Prevention Tips

Sexual assault is NEVER the victim's fault. It doesn't matter what the person was wearing, where they were located, what time of day, or even if they were drinking or flirting. The fact of the matter is that sexual assault is ALWAYS the fault of the perpetrator. We always believe survivors and support Survivors and we NEVER blame survivors of sexual assault and violence.

Unfortunately, it is important to think about our surroundings and take measures to protect ourselves from predators. Here are a few important tips:

You have heard it before--Don't put yourself in a position of being alone with someone you don't know or know only casually, but we want to acknowledge that many times people are assaulted by people they know.  Because of this, we recommend you go with your gut. If you are uncomfortable with someone--don't be alone with them. When dating we recommend sticking to dating in public places for a while until you know them better. Even if someone you know crosses the line,  it's not your fault.

Don't give personal information out online or to someone you have just met. Always be aware that despite their appearance, someone may want to take advantage. Sometimes people are taken advantage of because of their helpful demeanor. Don't assume that requests for physical help or financial assistance are legitimate.

In your car: Keep your doors locked at all times. If you have car trouble and must stay with your car, raise your hood, get into your car, lock your doors, and wait for the police. It's usually safer not to accept help from a stranger.  At night, park in well-lighted areas. When you approach your parked car, walk confidently, have the key in your hand and look around outside and inside your car before you get in. Don't pick up hitchhikers.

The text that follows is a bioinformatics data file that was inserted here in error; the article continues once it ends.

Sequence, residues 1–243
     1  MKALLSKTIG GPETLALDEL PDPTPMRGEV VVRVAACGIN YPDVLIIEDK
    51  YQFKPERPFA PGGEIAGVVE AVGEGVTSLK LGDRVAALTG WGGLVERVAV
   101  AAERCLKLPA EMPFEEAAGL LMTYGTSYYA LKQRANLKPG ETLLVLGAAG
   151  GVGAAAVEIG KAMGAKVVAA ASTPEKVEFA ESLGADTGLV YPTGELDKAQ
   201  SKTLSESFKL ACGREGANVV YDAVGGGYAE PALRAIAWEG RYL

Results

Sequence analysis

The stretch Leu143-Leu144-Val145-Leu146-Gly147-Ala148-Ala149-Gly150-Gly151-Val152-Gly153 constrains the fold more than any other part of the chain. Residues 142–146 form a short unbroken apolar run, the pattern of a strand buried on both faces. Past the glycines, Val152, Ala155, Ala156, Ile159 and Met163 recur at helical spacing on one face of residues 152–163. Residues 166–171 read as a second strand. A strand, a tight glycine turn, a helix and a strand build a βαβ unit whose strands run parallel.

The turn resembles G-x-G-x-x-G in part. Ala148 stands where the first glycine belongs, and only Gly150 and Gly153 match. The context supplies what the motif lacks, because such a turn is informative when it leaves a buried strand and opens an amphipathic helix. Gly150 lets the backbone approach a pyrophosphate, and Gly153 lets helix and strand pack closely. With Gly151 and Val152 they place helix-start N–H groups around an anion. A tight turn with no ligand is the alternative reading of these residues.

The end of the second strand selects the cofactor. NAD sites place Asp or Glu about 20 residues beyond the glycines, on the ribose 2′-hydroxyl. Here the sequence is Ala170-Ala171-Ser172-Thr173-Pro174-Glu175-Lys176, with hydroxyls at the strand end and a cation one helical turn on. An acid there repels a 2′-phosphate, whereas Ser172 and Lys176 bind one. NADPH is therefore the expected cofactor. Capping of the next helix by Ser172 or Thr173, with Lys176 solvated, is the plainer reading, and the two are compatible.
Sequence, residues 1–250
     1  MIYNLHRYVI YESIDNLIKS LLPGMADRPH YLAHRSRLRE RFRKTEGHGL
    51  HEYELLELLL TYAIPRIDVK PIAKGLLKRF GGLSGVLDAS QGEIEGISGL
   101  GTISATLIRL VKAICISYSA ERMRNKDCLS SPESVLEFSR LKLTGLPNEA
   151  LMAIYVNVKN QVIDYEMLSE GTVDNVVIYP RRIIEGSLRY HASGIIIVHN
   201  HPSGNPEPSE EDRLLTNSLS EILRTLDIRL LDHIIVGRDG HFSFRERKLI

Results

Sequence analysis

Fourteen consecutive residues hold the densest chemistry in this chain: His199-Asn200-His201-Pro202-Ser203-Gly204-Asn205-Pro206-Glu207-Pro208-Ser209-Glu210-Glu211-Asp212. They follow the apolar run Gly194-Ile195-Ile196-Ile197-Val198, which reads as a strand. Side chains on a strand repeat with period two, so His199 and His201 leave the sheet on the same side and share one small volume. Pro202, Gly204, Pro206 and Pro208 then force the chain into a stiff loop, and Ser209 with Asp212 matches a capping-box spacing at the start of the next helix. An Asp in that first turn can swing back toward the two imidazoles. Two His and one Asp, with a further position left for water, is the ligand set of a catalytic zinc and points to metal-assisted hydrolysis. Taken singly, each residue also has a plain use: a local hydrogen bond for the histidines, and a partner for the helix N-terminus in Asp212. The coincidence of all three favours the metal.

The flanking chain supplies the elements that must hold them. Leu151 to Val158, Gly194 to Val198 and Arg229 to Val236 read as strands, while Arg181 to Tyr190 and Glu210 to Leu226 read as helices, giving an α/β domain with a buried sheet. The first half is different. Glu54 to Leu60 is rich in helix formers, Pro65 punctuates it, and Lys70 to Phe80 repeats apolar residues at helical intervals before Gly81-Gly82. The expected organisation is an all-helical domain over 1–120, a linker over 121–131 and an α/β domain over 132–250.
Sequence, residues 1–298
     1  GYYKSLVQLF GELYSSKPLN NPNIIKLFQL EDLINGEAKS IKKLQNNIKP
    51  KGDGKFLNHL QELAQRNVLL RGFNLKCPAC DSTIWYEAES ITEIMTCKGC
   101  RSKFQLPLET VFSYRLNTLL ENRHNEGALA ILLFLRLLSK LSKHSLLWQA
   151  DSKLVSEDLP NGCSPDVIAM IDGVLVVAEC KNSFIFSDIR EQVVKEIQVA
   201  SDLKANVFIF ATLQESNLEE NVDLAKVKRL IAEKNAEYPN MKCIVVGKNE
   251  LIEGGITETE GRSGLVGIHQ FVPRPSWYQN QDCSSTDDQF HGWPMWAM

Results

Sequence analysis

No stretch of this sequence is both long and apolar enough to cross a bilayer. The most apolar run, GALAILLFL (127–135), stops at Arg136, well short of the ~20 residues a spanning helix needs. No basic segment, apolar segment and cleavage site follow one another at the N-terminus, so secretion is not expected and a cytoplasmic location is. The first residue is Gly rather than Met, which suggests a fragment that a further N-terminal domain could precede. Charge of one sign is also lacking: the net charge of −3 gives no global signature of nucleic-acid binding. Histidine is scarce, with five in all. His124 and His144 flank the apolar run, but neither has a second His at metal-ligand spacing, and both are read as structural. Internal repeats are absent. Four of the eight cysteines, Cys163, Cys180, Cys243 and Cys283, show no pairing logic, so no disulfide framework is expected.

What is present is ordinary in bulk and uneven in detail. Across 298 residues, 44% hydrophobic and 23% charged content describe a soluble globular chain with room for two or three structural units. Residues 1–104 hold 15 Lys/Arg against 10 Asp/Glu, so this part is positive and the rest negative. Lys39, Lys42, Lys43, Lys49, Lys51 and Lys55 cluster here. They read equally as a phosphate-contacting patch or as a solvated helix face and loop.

At Home: You should feel safe in your own home, but it's best to take precautions. Keep your doors locked at all times even if you leave for just a moment. Use initials rather than your first name on your mailbox or in the telephone directory. Leave your radio, television, or a light on while you are out. Know your neighbors, so you are aware if someone suspicious is hanging around. 

On the phone: Avoid giving out your contact information or confirming your telephone number to someone you don't know. Don't post your phone number online. If you use voicemail, doon't discuss living arrangements. Always report any obscene phone calls to the telephone company and any personal threats you receive to the police. Be sure that your smartphone apps have any location components disabled on every app so that you don't inadvertently share your location.

Outdoors: Avoid walking or jogging alone at night; if you do, follow well-lit, well-traveled routes and vary your time and rate. Carry protective gear such as mace or a whistle. Avoid conversations with strangers. Do not allow yourself to be cornered. Never hitchhike. If you frequent recreational places do not leave the building alone in the dark. Many gyms or community centers are willing to have staff walk you to your car. 

Remember that in any of the cases presented above, should you consent to having someone in your home, car, or sharing personal information with them, this is not equal to consent for any other activity. If you find you have trusted someone and given them personal access, you can always take that access away and say "no" to physical touch, sex, or any other activity. If someone has not respected your NO, please call our crisis line at 706-419-8775.

STALKING

Stalking is the harassment or persecution of an individual with unwanted or obsessive attention. Often times behavior appears innocent: showing up at the your location, frequent calls, or unwanted attention. Many times survivors brush off this attention as repetitive or awkward. If you are being stalked, it is important to call it what it is and take it seriously.  Stalking is illegal in all fifty states and the District of Colombia. If you are being stalked, it is important that you  report the behavior as soon as possible and have a network of safe people that you can talk to, a safe place to go, and a plan of action. 

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